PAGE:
As Arthur Jones said, “At lockout, the legs can support weight of the universe. In fact, the legs can lift the universe a very slight distance during the last seconds of a degree of extension. Of course the bones would be crushed.”

Transposition Shift

The single best exercise is a leg press. Without the dangers of a squat (especially a barbell squat), a leg press works the most number of muscles. It works the largest muscles. It is the most physically demanding exercise. It is the most productive exercise. AND… it is the exercise that most subjects would like to avoid. All of these descriptors are connected.

But the most geometrically and mechanically perfect exercise is knee extension. It is that exercise where it is possible to best isolate the target musculature by restraining the torso. It enables the load to be precisely modulated about one joint whereas such mechanical control is impossible to do about a triplicate of joints as in a linear-format exercise such as the leg press.

But the most important advantage of the leg extension is meaningful load potential at full knee extension. Due to its rotational format, there is no lockout and no place of unload. And the rotational format allows for precise and safe loading of the knee—assuming the speed of motion is adequately slow.

This advancement is made possible by what I term transposition shift. Rather than the second transposition of the leg press exercise being in the body, we shift the second transposition to the machine mechanics in a Knee Extension machine employing a rotational format. And this allows us to precisely control that transposition rather than remain at the mercy of the inappropriate load magnitudes—too high or too low—inherent during the body’s linear motion.

Note that Arthur attempted to control the mechanics during the body’s linear format by his creation of the Nautilus Duo Squat machine. This was folly due to the extreme linear loading that converged onto the knees from several simultaneous sources already discussed in other articles.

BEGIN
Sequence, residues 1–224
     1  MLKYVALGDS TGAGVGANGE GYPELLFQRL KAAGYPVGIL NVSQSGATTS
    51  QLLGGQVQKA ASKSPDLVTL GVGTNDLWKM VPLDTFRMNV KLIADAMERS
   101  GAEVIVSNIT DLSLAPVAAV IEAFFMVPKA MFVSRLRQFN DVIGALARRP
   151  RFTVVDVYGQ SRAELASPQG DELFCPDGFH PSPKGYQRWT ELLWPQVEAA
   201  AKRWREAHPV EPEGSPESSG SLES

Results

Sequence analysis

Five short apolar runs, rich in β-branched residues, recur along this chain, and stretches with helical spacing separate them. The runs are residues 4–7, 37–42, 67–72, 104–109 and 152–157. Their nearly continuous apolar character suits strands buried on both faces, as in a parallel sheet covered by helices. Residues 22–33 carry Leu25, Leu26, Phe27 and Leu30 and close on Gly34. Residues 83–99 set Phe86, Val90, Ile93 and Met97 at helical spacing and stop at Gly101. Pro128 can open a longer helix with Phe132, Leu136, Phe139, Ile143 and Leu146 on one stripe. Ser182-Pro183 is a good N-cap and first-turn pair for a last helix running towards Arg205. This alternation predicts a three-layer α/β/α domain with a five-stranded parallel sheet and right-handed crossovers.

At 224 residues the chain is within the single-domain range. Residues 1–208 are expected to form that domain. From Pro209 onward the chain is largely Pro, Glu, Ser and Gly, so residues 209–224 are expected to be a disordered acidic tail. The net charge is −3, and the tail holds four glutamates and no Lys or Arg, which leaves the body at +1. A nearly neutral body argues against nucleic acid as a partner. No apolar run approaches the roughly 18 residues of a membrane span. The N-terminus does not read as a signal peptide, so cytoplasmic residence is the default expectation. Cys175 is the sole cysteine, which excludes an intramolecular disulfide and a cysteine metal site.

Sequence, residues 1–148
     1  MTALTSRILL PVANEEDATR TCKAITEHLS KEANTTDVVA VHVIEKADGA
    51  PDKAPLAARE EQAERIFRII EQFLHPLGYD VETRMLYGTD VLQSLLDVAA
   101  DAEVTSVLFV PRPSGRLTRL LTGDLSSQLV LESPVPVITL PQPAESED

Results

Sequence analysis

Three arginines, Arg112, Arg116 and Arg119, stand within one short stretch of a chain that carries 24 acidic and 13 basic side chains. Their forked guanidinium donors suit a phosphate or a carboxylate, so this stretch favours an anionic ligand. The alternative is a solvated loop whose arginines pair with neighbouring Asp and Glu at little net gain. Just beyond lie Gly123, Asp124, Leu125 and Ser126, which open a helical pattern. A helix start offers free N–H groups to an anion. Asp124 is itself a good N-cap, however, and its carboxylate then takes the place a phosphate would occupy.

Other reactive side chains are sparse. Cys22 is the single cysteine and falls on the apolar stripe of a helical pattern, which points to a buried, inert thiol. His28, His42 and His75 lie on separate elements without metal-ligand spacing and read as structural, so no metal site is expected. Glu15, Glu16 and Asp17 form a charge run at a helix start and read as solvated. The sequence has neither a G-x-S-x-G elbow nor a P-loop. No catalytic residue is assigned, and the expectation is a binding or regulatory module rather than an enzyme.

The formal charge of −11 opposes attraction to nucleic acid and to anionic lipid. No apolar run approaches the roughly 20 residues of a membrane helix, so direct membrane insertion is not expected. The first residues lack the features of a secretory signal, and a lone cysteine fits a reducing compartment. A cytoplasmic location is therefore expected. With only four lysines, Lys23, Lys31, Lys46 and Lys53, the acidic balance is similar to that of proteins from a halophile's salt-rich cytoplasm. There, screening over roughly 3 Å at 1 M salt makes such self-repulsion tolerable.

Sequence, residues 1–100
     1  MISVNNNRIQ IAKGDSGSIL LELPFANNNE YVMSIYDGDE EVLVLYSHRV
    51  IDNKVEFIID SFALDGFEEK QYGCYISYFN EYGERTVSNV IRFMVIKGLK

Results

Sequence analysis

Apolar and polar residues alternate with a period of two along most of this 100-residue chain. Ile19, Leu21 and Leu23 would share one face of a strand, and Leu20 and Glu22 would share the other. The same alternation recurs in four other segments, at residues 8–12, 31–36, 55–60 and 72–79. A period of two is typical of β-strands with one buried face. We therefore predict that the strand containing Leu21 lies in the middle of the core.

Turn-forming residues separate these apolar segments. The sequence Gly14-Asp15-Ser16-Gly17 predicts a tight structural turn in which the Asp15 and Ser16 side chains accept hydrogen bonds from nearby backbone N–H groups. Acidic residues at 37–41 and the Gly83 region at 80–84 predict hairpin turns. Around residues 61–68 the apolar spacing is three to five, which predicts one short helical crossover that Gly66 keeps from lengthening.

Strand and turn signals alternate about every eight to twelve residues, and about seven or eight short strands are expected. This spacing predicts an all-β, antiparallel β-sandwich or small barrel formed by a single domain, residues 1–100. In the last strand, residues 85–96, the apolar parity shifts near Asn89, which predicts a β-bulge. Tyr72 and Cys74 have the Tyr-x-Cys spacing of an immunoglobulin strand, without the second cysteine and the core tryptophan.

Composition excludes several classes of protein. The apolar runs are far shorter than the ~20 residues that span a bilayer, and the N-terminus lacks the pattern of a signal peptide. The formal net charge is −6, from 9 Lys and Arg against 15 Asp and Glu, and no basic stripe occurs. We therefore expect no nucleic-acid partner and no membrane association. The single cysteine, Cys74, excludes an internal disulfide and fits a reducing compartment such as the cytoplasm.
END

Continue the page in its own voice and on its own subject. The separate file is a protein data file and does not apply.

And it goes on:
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Although Arthur never used the transposition terminology that I created, it does explain why he suggested that single-joint, rotary-format exercise machines were theoretically ideal. For a while he even mused that compound movements were no longer necessary. I never went that far—not even close. I say just the opposite for most applications, but both linear and rotary-format exercises have a place.

Once we get this far with an understanding of the required movement format to best exercise the human knee, there are other issues. The correct resistance modulation is then sought, and this is impossible without a strict adherence to a 10/10 speed protocol. This is explained in detail in The Renaissance of Exercise—Volume II due to be published sometime later this year.

In part II, we will briefly explore the fact that a rotary-form exercise machine allows rotary-form joint movement but might or might not impose rotation at the joint. We will also touch on the issues of closed-chain vs. open-chain terminology and the shear force nonsense.

{ 48 comments… read them below or add one }

avatar Donnie Hunt January 29, 2013 at 1:32 pm

As usual there is a great deal of very valuable information here. Looking forward to the next part.


avatar Joshua Trentine January 30, 2013 at 1:06 am